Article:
For most of his career, Louis C.K. has been known as one of the most self-deprecating comics in the business.
So it should not have been a total shock when the comedian released a lengthy statement of apology Friday following the New York Times story published a day before that included sexual misconduct allegations from five women.
Louis C.K. did what many celebs have not, however, by admitting guilt.
"These stories are true," Louis C.K. said in his statement.
Compared to Harvey Weinstein, who denied rape and other accusations, and Kevin Spacey, who apologized but claimed he doesn't remember assaulting actor Anthony Rapp, Louis C.K.'s mea culpa is considered by some as a step in the right direction.
Still, the reaction to his admission, and his contention that he's "remorseful," has been decidedly mixed.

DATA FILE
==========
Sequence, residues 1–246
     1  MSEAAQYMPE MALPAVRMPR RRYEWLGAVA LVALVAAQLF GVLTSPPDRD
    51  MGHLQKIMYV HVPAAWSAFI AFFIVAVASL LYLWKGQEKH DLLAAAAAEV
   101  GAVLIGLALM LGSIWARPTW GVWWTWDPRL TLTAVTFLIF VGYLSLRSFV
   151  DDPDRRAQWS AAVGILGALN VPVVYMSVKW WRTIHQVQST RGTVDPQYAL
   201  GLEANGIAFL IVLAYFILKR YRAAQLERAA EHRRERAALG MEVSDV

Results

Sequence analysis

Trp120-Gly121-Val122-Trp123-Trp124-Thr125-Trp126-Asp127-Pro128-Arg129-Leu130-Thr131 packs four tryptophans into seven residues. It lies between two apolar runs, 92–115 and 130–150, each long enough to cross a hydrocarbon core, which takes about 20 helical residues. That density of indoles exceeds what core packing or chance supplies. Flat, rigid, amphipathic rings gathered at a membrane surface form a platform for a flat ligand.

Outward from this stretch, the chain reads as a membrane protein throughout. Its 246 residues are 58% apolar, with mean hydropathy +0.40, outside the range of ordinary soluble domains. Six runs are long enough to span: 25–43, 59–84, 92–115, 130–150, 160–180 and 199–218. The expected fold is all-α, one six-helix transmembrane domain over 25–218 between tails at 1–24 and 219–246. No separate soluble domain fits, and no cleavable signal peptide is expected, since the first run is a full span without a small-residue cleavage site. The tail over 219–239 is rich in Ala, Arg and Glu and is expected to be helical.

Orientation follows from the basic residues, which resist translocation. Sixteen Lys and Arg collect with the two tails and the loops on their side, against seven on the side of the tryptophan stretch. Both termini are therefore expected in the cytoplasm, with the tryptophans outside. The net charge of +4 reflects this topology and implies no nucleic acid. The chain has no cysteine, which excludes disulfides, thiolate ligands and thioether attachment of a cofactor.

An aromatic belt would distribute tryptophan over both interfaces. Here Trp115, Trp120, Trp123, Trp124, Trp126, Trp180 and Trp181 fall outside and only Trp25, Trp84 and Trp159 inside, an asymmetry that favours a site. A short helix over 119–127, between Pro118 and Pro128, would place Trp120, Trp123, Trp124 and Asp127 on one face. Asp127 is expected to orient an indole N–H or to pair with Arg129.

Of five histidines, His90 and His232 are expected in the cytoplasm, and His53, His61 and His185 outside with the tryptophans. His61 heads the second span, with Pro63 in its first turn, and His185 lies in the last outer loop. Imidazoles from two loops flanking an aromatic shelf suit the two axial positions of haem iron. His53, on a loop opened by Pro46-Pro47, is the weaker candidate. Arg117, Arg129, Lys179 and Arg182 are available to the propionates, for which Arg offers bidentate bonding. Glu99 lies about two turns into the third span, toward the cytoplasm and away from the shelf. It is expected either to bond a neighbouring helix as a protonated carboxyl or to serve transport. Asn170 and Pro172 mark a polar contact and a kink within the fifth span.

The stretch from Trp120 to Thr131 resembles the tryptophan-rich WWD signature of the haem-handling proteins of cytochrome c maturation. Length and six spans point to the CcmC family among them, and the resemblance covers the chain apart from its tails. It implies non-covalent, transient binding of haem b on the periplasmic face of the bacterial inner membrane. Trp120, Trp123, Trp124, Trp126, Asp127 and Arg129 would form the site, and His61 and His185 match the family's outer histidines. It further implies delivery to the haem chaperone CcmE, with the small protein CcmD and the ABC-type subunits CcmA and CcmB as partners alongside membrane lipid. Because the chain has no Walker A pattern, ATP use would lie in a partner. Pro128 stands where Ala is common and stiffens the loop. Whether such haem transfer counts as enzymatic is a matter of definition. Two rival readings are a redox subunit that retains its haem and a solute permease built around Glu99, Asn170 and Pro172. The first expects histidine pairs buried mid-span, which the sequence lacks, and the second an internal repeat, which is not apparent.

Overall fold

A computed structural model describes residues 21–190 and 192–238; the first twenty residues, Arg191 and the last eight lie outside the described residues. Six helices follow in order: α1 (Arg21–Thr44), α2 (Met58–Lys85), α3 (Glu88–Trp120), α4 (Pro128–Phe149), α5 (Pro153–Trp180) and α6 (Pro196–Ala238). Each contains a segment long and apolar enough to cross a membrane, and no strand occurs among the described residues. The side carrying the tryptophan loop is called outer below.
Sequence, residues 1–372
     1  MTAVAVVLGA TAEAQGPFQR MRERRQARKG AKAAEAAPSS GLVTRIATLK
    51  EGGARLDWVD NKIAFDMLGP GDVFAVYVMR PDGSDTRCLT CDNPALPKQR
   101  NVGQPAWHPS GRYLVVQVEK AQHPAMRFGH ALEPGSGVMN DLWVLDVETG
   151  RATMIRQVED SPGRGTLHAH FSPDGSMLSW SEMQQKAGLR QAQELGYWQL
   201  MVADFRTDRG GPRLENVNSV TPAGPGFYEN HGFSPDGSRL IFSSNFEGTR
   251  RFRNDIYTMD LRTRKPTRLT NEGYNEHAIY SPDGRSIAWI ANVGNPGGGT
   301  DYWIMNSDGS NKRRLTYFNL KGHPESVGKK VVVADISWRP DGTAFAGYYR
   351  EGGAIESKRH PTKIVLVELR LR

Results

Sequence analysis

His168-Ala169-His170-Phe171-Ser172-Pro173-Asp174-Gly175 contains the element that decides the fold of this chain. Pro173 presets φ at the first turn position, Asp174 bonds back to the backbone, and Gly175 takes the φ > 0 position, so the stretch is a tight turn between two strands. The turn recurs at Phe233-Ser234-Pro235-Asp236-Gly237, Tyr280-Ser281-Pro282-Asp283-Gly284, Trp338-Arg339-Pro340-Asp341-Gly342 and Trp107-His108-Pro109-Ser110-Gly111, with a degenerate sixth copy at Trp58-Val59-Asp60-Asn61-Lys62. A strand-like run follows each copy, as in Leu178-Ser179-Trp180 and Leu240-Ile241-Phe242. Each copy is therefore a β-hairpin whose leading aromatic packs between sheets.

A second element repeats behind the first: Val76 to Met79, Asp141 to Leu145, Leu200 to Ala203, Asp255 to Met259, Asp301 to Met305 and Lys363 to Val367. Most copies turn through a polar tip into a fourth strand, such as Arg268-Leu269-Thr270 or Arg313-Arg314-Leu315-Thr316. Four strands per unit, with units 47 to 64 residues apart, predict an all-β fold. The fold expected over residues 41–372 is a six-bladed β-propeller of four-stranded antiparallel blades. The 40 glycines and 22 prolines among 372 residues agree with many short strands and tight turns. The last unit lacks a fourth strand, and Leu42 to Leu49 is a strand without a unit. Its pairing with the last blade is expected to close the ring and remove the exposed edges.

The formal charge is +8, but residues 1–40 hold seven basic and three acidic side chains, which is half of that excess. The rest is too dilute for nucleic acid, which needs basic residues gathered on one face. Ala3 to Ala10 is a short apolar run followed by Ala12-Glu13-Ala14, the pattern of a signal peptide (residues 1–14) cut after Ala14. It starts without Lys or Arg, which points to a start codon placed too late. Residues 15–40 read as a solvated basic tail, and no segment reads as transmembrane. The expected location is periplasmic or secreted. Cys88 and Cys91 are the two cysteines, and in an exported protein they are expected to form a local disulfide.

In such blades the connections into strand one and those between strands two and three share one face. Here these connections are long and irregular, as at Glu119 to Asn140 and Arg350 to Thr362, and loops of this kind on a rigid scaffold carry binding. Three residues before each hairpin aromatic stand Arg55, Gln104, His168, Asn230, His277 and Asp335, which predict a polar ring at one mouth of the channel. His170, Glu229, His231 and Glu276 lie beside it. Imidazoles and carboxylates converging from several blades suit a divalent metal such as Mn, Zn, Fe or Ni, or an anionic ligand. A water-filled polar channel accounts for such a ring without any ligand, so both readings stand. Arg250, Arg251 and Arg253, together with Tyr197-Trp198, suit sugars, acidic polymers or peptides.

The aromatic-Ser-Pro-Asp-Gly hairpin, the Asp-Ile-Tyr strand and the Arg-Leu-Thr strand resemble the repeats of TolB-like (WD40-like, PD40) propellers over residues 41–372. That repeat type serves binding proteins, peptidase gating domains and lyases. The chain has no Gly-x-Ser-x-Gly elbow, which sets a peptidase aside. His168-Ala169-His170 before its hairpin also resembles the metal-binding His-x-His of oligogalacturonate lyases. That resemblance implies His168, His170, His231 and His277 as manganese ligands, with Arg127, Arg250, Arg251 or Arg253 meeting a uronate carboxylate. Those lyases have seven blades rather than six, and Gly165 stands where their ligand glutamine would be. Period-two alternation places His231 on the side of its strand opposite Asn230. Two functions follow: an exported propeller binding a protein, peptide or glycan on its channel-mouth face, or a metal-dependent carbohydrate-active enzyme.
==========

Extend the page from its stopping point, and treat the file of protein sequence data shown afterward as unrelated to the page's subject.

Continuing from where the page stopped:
While some found it admirable that Louis C.K. fully copped to his offenses, others took to social media to say that his statement in no way negates what he did.
Some pointed out that the apology came after the revelations were made public, and Louis C.K. had lost a distribution deal for his movie, a forthcoming stand-up special with Netflix and his content was removed from HBO streaming services.
For years, there was chatter about Louis C.K.'s inappropriate behavior toward women.
As recently as September, the comic denied the charges to the New York Times , stating that they were "rumors."
And some noted that C.K., while apologetic, didn't actually say "I'm sorry" to the women. Nowhere in his nearly 500-word statement were there the words "sorry," "apology" or "apologize."
The one thing that many people think is a good thing: The comic says that while he has spent most of his career "talking and saying anything I want" he "will now step back and take a long time to listen."